At a recent meeting in Hanoi of a new global outfit called the Emerging Markets Forum, a group that is positioning itself as an emerging-economy, though business-oriented, alternative to Davos, participants were exposed to a fascinating perspective on the Vietnamese experiment. At the meeting—and during this writer's additional week touring the country—officials outlined a combination of rigorous one-party rule in the classic socialist style (including a Ho Chi Minh mausoleum indistinguishable from Mao's and Lenin's, and a completely official, propagandistic press) with freewheeling, swashbuckling, barely regulated market economics. Over the past 15 years, Vietnam has grown 8 percent annually, and last year saw more than $18 billion in foreign investment—one of the highest totals in the world as a percentage of GDP.
Such an impressive performance (despite the current specter of rising inflation and slower growth) has led many to view the country as a model for nations now going through what Vietnam went through in the early 1990s after the collapse of the Soviet Union and the end of the Socialist bloc. Example A: Cuba. Though Fidel Castro always regretted that the Vietnamese had become "revisionists" and "capitalist-roaders," it was his younger brother, Raúl, who managed Cuba's tight relations with Vietnam. When he traveled to Hanoi in April 2005 for the 30th anniversary of the fall of Saigon, he was said to be enthusiastic about what he saw. To Raúl Castro, Vietnam has even more appeal than China, because of the enormous difference in size. Many of his Cuban friends and allies would also love to see on the island the same kind of economic reform and strong growth as Vietnam, coupled with a firm grasp on power and stability by the armed forces and the Communist Party.
Alas, even a cursory overview of Vietnam's experience suggests that it would be a difficult if not impossible fit for Cuba. First, Vietnamese society is much more hierarchical, homogeneous and isolated from the rest of the world than Cuba's. Vietnam has fought off five of what it calls imperial intrusions over the centuries—the Mongols, Han Chinese, French, Americans and modern Chinese—thanks to its incredible discipline and self-sacrifice. Cuba is, perhaps endearingly, the opposite: diverse, chaotic, always looking for a way around a problem, and it coexisted with three eras of foreign domination: Spain throughout the 19th century, the United States until 1959 and the Soviet Union through 1989.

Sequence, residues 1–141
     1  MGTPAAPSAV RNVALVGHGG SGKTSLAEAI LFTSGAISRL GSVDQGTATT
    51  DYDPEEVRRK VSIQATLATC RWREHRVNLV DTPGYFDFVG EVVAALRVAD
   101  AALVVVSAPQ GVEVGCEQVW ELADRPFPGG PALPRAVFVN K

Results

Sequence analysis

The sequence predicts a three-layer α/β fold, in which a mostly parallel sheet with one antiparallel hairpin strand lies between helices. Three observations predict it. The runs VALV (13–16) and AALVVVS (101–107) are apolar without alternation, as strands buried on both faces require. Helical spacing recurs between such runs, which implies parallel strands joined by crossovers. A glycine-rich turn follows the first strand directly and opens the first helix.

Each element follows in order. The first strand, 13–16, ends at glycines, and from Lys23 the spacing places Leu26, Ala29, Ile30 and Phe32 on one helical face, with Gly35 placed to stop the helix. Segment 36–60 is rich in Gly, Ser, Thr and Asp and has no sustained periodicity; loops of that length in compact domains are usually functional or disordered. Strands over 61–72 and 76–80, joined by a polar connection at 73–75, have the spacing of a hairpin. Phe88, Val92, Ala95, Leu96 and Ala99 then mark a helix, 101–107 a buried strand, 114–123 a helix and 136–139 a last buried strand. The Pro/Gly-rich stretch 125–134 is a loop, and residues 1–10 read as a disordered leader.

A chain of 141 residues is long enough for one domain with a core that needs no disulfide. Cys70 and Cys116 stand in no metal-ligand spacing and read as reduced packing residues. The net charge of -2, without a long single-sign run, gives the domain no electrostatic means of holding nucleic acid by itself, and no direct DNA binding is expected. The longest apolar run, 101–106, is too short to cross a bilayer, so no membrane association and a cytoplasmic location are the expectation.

Second, private ownership of land, housing, businesses, scooters and cellular phones is widespread in Vietnam. In Cuba it is virtually nonexistent. The Vietnamese seem to have accepted a trade-off: free access to property, consumer goods and relative prosperity—but no access to freedoms of any sort. Some Cubans might also agree to this quid pro quo, but many might not, which is why over the past two years Raúl has not dared to take any serious steps to legalize private property. If he did so, he fears, he might well lose control of the entire succession process. He just recently offered urban dwellers the chance to return to the countryside and receive land to till for 10 years, but they may not own, sell, rent or mortgage it. Cubans with full ownership of homes, small businesses, land or generalized access to communications might well decide to speak endlessly with other Cubans, and sell their private property to other Cubans: the ones living across the Florida Straits.
This, of course, is the third reason Cuba will never be Vietnam—and it is not a minor one. Vietnam has a population of 86 million; there are 2 million Vietnamese nationals living abroad, including many, but not all, in the United States. Many more are scattered all over the world. Some want to return, some don't; some are allowed to purchase property in their former homeland, some are not. But they do not figure significantly in the country's economic, political or international equation. Conversely, there are about 1.5 million exiled Cubans, almost all of them in Miami, a few hundred kilometers away from Havana. They represent nearly 15 percent of the total Cuban population of 11 million, and have remarkably close ties with family back home, despite half a century of travel, remittance and communications restrictions.
They will never have the satisfaction of overthrowing Fidel Castro, but they might well be able to buy a sizable chunk of his island if given the chance. The Castros probably can't continue to deny the right to own property forever, and once they open the door, attempts to prevent Cubans from selling to expats in Miami (or to persuade expats not to buy) are likely to fail. So if Cuba tries to go Vietnam's way, reforming the economy in order to hold on to political power, it may well end up in the worst of all worlds: without a national market economy, and without a democratic political system.